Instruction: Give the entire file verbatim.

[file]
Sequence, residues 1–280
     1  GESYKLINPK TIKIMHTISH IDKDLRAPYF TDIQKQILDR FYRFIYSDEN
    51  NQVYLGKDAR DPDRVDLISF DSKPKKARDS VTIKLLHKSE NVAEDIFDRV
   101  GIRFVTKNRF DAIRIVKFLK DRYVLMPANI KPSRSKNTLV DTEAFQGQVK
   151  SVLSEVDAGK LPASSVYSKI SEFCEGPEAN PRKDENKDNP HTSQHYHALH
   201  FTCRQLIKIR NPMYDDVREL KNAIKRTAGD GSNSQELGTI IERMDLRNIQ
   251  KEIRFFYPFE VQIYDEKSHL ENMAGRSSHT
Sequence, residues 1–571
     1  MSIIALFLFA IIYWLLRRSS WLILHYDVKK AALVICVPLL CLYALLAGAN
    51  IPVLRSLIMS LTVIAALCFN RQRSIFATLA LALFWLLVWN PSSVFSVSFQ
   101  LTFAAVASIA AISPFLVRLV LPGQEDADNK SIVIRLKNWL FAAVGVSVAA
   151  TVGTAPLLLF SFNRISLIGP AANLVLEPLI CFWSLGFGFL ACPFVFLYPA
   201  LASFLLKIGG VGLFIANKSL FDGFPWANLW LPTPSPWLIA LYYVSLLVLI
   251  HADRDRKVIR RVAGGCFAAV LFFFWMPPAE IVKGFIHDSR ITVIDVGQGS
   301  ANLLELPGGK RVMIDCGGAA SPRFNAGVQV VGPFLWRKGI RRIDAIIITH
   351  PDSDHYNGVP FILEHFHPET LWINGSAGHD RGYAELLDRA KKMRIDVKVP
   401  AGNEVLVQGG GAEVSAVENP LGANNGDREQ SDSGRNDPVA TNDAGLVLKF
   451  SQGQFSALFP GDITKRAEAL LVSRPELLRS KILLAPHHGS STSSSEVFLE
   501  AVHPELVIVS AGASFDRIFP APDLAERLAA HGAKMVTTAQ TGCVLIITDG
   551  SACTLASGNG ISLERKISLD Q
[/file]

Sequence, residues 1–280
     1  GESYKLINPK TIKIMHTISH IDKDLRAPYF TDIQKQILDR FYRFIYSDEN
    51  NQVYLGKDAR DPDRVDLISF DSKPKKARDS VTIKLLHKSE NVAEDIFDRV
   101  GIRFVTKNRF DAIRIVKFLK DRYVLMPANI KPSRSKNTLV DTEAFQGQVK
   151  SVLSEVDAGK LPASSVYSKI SEFCEGPEAN PRKDENKDNP HTSQHYHALH
   201  FTCRQLIKIR NPMYDDVREL KNAIKRTAGD GSNSQELGTI IERMDLRNIQ
   251  KEIRFFYPFE VQIYDEKSHL ENMAGRSSHT
Sequence, residues 1–571
     1  MSIIALFLFA IIYWLLRRSS WLILHYDVKK AALVICVPLL CLYALLAGAN
    51  IPVLRSLIMS LTVIAALCFN RQRSIFATLA LALFWLLVWN PSSVFSVSFQ
   101  LTFAAVASIA AISPFLVRLV LPGQEDADNK SIVIRLKNWL FAAVGVSVAA
   151  TVGTAPLLLF SFNRISLIGP AANLVLEPLI CFWSLGFGFL ACPFVFLYPA
   201  LASFLLKIGG VGLFIANKSL FDGFPWANLW LPTPSPWLIA LYYVSLLVLI
   251  HADRDRKVIR RVAGGCFAAV LFFFWMPPAE IVKGFIHDSR ITVIDVGQGS
   301  ANLLELPGGK RVMIDCGGAA SPRFNAGVQV VGPFLWRKGI RRIDAIIITH
   351  PDSDHYNGVP FILEHFHPET LWINGSAGHD RGYAELLDRA KKMRIDVKVP
   401  AGNEVLVQGG GAEVSAVENP LGANNGDREQ SDSGRNDPVA TNDAGLVLKF
   451  SQGQFSALFP GDITKRAEAL LVSRPELLRS KILLAPHHGS STSSSEVFLE
   501  AVHPELVIVS AGASFDRIFP APDLAERLAA HGAKMVTTAQ TGCVLIITDG
   551  SACTLASGNG ISLERKISLD Q